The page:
John Forbes, senior adviser of the American Chamber of Commerce of the Philippines (AmCham), said the Duterte administration had “managed the economy well,” citing reduced unemployment, modest inflation and a record $7.9 billion in foreign direct investments last year.

12 legislative priorities

Moreover, Forbes said he would like the government to enact the 12 legislative priorities of business groups in the country. The list was detailed in a Jan. 19 letter to Executive Secretary Salvador Medialdea.

The groups said the measures would improve the country’s business and economic climate.

The 12 reforms, arranged according to their importance, are constitutional amendments (easing of foreign equity restrictions); comprehensive tax reform package; apprenticeship program reform; build-operate-transfer law amendments; freedom of information; Corporation Code amendments; Public Service Act amendments; telecommunication sector reforms; water sector reform; bank secrecy law amendments; emergency powers to deal with traffic and transportation crises; and retail trade law amendments.

Reviving mining industry

“In the next five years, we would like to see the BBB projects well on their way to completion, the 12 legislative priorities of the foreign and domestic business groups enacted, revival of the mining industry, strong growth in the country’s neglected agricultural sector and achievement of the administration’s goal of reducing poverty by 1.5 percent a year,” Forbes said.

While otherwise supportive of the administration, AmCham warned late last year that the drug war as well as Mr. Duterte’s insults to then US President Barack Obama could “harm the longstanding optimism of American business to invest in the Philippines.”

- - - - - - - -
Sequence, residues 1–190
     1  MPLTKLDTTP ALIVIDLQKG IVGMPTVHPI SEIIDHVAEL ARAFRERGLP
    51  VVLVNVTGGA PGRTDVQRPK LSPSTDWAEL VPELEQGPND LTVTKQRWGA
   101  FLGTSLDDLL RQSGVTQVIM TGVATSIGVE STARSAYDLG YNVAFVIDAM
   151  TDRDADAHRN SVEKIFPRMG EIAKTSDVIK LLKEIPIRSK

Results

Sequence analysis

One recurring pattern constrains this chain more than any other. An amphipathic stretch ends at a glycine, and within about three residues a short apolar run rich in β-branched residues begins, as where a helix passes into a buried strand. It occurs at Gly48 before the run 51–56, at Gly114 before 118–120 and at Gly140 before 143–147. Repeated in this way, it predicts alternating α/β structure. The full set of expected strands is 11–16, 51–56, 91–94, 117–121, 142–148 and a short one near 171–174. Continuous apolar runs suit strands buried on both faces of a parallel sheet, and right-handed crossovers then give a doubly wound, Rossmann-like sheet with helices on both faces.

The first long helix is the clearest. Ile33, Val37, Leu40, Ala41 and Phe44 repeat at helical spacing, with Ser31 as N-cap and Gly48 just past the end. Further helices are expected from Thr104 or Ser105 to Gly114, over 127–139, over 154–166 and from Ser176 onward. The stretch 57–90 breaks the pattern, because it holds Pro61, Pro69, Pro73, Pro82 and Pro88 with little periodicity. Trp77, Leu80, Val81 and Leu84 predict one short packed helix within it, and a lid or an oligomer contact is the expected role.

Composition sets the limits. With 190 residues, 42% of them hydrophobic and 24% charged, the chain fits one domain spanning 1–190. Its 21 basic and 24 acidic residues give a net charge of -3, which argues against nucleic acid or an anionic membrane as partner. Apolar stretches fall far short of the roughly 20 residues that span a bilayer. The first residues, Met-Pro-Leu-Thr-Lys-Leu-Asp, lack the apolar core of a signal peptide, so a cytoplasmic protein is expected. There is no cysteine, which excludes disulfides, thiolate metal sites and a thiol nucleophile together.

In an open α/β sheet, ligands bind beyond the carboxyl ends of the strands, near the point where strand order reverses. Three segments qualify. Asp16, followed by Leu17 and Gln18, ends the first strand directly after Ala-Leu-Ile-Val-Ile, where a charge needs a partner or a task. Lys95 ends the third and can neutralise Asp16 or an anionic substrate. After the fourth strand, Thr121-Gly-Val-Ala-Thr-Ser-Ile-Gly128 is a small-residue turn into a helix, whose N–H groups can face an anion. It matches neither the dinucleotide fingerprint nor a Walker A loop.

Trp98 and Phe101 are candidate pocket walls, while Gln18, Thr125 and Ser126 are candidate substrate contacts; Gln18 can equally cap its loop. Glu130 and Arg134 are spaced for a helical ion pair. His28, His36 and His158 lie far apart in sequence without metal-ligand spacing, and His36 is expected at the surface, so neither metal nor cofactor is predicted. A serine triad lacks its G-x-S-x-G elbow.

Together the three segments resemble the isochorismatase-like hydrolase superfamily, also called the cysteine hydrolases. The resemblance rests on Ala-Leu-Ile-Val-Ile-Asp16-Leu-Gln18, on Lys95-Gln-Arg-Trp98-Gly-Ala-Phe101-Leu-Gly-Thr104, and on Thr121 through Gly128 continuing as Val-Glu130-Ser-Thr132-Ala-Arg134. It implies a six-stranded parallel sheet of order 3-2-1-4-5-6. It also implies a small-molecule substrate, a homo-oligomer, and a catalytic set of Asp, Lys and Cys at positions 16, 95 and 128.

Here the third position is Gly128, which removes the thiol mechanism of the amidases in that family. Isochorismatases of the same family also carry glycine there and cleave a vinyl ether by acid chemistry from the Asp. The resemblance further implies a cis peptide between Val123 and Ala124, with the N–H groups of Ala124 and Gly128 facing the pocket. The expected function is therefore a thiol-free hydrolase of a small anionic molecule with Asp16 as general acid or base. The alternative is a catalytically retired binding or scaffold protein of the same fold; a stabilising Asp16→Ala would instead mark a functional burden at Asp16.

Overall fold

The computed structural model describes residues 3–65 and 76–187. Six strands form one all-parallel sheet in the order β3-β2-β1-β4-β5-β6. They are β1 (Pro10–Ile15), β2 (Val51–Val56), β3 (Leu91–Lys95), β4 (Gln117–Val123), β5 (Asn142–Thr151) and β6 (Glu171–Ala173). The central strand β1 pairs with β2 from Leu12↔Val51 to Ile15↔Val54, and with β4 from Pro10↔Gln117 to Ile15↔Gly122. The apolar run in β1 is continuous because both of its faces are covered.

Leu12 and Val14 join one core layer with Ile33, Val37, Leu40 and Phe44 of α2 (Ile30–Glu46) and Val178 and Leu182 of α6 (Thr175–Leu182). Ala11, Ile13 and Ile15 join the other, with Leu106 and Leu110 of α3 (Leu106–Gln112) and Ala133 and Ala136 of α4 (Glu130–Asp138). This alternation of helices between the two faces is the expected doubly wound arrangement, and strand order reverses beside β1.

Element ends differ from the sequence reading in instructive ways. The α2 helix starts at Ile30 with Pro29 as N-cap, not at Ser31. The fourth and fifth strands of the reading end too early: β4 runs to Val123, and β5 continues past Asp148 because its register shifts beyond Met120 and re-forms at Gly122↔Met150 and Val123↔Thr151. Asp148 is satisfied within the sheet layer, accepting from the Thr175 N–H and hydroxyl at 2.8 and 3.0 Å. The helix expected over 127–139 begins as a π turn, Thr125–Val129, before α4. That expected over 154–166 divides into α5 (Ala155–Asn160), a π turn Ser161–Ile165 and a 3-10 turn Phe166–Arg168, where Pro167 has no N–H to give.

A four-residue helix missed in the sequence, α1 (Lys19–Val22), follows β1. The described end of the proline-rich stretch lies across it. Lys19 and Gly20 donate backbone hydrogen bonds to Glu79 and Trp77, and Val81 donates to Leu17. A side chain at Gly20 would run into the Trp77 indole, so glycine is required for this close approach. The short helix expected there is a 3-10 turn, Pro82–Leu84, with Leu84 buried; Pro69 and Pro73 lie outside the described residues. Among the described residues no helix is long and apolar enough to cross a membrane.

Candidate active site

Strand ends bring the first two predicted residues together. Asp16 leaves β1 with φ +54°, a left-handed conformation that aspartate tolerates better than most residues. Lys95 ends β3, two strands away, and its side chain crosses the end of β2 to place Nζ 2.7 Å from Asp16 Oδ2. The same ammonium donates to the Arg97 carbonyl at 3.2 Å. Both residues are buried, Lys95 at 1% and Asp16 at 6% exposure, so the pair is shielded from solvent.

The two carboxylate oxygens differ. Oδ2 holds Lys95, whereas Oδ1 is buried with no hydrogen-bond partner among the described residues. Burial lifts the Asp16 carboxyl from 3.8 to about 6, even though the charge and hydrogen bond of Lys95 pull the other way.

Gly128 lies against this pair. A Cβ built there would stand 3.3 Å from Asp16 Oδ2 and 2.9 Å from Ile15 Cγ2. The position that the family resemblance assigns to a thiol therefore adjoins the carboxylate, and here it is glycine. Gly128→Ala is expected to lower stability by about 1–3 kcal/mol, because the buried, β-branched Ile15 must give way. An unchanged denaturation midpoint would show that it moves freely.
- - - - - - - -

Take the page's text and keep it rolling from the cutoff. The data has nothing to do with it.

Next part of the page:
Guenter Taus, president of the European Chamber of Commerce of the Philippines, said European investors remained “strongly interested” in the country, noting strong ties as the bloc accounted for the largest export market for Philippine companies in March.

“We feel that the Philippines is still at large interesting for foreign investments because of its macroeconomic fundamentals despite recent events, such as the declaration of martial law in Mindanao and the Resorts World incident, which have indeed caused concern,” Taus said.

“We are also looking forward to the fast action that the administration needs to undertake on the ease of doing business and the speedy implementation of infrastructure projects. Both are indeed crucial in making the Philippines a competitive investment destination and in spurring economic growth,” he added.

Enhanced PH visibility

George Barcelon, Philippine Chamber of Commerce and Industry president, said “the visibility of the country has been quite enhanced” due to Mr. Duterte’s foreign trips as Asean chair as well as his visits to powerful economic countries, such as China and Japan.

While there have been advances and missteps, Barcelon expressed confidence in the administration’s direction.

“They have the 10-point socioeconomic pillars. In the next five years, just follow that. Fast-track that and I think we would be much better off than we are today,” he said.